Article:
When checking the manual entry for man crypt, I read:

The returned value points to the encrypted password, a series of 13 printable ASCII characters (the first two characters represent the salt itself).

I made a dummy function to test 'crypt()', and, indeed, that's precisely the behaviour I see:

pass = 'abcdef', salt = 'bB' --> hashed = 'bB3chWwMx2m9A'

pass = 'abcdefgh', salt = 'bB' --> hashed = 'bBOdphLIbu4wI'

The way I see it, I read the hashed string from a file, I get the first two char, and I already have my 'salt' ready. I only need to crypt my guesses once.

So, I was wondering: if you can "deduce" the value of 'salt' from the hashed string... What's the purpose of it existing anyway? (or is it because while using other hashing methods, such as "SHA-512", it does make a difference?)

1 Answer 1


The salt is used to influence the encryption process. If you call crypt twice on the same key passing in different salt each time, you'll get different hashes (results).

The salt can be any two characters, each of which is in the set [./0-9A-Za-z]. That's a total of 64 characters. This means that you can have 64^2 possible combinations of 2-character salts and therefore the same key can be encrypted in 64^2 different ways.

crypt returns a 13-character string that represents the encrypted key, the first 2 of which are the same as the two-character salt that was used to encrypt the key.

  • OK, but: if you have access to the hashed string (as it's the case in "hacker2") you can obtain the salt actually used only by getting the first 2 chars. So the 64^2 options get narrowed down to 1 again. Am I right? Even if the string was hashed several times, it would be just a matter of repeating this 'get2chars -> salt -> unencrypt' process as many times. Or am I getting something wrong?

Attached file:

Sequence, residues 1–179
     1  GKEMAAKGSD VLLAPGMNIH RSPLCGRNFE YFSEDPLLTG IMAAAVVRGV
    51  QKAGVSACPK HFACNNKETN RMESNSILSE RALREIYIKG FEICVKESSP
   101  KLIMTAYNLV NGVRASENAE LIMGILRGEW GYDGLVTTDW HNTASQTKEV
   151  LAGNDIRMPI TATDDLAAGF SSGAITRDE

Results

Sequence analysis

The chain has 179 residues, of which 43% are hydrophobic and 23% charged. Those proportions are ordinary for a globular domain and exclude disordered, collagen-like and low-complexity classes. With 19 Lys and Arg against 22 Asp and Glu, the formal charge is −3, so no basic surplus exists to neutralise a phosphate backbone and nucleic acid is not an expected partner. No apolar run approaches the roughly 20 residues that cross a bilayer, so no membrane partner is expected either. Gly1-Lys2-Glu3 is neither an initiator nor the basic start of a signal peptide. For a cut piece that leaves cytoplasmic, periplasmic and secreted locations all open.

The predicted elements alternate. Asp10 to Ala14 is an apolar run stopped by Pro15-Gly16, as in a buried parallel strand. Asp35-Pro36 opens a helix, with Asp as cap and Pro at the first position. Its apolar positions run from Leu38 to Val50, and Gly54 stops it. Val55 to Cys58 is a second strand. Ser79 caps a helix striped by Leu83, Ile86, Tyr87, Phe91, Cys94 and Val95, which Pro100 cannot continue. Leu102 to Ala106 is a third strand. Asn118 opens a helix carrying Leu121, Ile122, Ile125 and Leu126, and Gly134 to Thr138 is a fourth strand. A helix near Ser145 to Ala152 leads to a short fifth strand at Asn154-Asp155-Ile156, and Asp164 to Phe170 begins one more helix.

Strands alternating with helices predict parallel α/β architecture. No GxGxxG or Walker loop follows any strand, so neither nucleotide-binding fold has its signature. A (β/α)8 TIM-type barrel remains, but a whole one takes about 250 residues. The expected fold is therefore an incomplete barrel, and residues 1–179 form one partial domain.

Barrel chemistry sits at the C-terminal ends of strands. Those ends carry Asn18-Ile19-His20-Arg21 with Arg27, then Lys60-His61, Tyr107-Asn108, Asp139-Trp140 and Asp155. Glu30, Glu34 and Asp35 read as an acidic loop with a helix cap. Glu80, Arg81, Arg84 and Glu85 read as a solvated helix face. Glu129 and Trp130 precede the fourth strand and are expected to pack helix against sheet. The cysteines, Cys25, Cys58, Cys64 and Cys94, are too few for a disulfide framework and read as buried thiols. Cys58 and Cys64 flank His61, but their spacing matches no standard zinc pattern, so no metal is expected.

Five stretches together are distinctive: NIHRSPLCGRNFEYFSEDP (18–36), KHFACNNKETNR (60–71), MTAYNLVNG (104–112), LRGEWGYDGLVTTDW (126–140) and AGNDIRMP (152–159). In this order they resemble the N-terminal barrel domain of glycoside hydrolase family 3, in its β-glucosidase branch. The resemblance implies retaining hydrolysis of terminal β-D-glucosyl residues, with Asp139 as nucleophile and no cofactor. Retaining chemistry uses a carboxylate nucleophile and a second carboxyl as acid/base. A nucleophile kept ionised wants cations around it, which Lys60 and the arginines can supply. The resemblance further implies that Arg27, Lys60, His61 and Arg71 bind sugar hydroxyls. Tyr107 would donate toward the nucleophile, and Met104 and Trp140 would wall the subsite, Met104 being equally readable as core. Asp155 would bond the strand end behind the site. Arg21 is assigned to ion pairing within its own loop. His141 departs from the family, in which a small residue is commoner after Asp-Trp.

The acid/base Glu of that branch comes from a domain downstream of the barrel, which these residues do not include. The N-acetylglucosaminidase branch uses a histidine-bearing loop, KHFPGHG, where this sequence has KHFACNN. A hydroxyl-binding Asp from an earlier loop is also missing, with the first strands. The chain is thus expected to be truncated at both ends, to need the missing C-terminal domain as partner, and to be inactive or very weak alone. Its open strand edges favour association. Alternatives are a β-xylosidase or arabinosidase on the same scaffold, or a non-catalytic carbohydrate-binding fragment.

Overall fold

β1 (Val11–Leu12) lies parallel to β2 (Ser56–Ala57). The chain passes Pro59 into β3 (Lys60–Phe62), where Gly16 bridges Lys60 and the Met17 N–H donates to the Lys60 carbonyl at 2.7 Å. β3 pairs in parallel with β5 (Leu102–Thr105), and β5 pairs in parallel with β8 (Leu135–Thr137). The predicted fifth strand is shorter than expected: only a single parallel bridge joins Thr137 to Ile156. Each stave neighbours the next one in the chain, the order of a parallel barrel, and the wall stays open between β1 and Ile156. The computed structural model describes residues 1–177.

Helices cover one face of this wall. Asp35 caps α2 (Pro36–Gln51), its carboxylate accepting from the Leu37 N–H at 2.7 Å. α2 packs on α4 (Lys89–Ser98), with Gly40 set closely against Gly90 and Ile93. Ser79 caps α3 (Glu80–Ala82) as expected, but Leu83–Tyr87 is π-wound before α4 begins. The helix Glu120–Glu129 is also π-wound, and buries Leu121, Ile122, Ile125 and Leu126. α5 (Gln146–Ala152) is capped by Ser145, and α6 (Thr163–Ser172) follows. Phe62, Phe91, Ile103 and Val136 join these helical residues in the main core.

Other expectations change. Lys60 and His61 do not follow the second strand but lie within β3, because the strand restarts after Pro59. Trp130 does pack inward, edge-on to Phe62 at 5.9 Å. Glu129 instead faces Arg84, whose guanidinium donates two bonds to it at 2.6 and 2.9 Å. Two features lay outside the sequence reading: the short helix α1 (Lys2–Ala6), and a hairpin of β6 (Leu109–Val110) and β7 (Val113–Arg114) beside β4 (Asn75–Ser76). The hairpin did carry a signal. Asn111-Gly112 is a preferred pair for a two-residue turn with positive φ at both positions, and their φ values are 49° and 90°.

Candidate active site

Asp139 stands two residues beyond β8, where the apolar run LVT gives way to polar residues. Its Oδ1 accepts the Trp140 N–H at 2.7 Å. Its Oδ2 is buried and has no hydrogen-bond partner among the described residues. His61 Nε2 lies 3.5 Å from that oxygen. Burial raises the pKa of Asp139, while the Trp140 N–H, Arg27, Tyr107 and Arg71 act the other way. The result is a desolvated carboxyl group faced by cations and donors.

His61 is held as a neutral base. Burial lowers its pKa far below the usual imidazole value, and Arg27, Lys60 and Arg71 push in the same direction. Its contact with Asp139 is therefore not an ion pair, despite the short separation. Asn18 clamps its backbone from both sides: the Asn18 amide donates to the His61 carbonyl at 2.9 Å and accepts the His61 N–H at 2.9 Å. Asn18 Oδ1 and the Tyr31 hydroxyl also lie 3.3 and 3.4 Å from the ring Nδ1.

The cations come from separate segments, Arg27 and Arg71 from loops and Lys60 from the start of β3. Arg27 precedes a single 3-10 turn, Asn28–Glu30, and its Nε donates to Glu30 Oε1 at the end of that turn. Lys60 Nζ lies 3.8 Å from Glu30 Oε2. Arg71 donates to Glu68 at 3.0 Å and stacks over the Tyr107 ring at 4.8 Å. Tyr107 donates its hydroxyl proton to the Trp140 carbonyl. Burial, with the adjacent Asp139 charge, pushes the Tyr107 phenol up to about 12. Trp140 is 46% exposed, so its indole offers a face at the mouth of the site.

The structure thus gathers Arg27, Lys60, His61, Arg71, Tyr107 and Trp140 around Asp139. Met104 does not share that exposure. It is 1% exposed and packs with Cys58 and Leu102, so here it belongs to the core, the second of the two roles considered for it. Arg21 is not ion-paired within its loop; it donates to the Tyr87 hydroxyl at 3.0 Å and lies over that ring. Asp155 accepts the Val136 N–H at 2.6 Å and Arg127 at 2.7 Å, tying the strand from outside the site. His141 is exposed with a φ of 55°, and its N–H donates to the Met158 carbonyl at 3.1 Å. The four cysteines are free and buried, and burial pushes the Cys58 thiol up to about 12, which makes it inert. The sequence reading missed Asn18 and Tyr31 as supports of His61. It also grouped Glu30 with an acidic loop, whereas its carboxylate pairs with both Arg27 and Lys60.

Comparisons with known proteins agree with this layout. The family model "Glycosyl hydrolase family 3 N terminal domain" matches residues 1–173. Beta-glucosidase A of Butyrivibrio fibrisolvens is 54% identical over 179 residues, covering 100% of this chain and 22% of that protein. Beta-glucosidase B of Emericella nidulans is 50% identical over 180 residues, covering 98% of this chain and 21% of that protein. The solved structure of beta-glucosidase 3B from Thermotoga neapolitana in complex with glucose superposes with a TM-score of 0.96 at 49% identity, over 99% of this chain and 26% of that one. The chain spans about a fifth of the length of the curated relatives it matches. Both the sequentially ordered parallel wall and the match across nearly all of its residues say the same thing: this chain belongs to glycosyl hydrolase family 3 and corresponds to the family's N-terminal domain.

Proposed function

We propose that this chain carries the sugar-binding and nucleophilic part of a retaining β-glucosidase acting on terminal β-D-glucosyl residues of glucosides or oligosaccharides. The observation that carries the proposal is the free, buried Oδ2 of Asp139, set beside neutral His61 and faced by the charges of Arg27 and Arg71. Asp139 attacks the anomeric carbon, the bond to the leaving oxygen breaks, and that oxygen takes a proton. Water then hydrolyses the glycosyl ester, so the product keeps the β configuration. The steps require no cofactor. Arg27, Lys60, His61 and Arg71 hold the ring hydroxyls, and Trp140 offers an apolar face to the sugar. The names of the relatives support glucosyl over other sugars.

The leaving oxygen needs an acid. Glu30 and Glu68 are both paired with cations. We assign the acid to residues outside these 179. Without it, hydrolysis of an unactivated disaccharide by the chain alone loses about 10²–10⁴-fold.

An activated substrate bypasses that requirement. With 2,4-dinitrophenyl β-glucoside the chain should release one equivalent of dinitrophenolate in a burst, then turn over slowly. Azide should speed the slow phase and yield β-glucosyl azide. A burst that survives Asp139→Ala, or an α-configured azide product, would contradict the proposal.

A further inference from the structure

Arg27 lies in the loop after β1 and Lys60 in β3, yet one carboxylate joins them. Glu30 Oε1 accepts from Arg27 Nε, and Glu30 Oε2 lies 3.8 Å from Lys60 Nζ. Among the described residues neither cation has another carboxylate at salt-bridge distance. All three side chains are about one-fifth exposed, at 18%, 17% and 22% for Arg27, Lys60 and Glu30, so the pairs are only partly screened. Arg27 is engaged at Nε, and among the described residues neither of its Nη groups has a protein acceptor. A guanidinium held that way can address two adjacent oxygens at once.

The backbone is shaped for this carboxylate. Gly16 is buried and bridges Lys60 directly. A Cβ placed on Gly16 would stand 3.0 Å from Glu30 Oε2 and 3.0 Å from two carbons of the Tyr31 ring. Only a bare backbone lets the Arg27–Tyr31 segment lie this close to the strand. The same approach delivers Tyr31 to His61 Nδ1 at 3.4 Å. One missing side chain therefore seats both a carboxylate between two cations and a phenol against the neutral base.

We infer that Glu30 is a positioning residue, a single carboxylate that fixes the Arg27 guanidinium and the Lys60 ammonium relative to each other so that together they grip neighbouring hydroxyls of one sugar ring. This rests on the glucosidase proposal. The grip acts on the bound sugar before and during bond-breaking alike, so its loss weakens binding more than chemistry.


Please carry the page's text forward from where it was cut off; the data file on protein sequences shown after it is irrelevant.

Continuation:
– abelinux
    Commented Nov 25, 2014 at 13:10
  • 1
    @abelinux sort of. A public salt does not make dictionary attacks hard when cracking a single password. However, it makes Rainbow table attacks way harder. Also, if you hashed the hash of a password, and even though you had access to the salt of the hash, probably a dictionary attack wouldn't work and if you tried a brute-force attack you'd need to generate, at the worst case, nearly 11^95 combinations to get the hash of the password, then to perform a dictionary attack to get the password which is quite time-consuming.
    – kzidane
    Commented Nov 25, 2014 at 18:03
  • @abelinux you can find more information about necessity of hiding the salt of a hash here!
    – kzidane
    Commented Nov 25, 2014 at 18:14
  • OK, I (think I) see it better now. I was looking at it "in the context" of this exercise, so I couldn't really understand the use of the 'salt'. Now I get that, since we're actually cracking single passwords, I was "kinda" right: there's merely any difference if the attacker knows the salt's length (like it's the case here).
    – abelinux
    Commented Nov 26, 2014 at 19:03
  • But in case someone else is interested I found this nice wiki about "Salt": <en.wikipedia.org/wiki/Salt_%28cryptography%29#Benefits>. Here it explains the "practical" difference between 'single' and 'multiple' password cracking. I found it really "illustrative" ;)
    – abelinux
    Commented Nov 26, 2014 at 19:15

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